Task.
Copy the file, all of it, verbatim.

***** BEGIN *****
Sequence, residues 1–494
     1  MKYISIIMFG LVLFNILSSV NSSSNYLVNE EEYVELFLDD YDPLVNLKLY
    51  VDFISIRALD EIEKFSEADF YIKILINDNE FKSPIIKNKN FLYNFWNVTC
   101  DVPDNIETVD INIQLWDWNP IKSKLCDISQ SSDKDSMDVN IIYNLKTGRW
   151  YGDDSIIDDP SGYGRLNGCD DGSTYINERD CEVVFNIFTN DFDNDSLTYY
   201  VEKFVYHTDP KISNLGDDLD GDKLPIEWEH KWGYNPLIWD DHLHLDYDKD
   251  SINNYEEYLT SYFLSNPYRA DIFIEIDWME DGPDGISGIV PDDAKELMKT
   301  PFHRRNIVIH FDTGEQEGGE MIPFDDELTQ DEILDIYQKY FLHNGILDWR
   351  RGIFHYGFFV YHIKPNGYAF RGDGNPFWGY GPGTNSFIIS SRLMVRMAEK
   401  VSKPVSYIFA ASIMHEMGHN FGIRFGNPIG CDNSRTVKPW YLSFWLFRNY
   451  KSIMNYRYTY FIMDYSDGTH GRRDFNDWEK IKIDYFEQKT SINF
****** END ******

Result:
Sequence, residues 1–494
     1  MKYISIIMFG LVLFNILSSV NSSSNYLVNE EEYVELFLDD YDPLVNLKLY
    51  VDFISIRALD EIEKFSEADF YIKILINDNE FKSPIIKNKN FLYNFWNVTC
   101  DVPDNIETVD INIQLWDWNP IKSKLCDISQ SSDKDSMDVN IIYNLKTGRW
   151  YGDDSIIDDP SGYGRLNGCD DGSTYINERD CEVVFNIFTN DFDNDSLTYY
   201  VEKFVYHTDP KISNLGDDLD GDKLPIEWEH KWGYNPLIWD DHLHLDYDKD
   251  SINNYEEYLT SYFLSNPYRA DIFIEIDWME DGPDGISGIV PDDAKELMKT
   301  PFHRRNIVIH FDTGEQEGGE MIPFDDELTQ DEILDIYQKY FLHNGILDWR
   351  RGIFHYGFFV YHIKPNGYAF RGDGNPFWGY GPGTNSFIIS SRLMVRMAEK
   401  VSKPVSYIFA ASIMHEMGHN FGIRFGNPIG CDNSRTVKPW YLSFWLFRNY
   451  KSIMNYRYTY FIMDYSDGTH GRRDFNDWEK IKIDYFEQKT SINF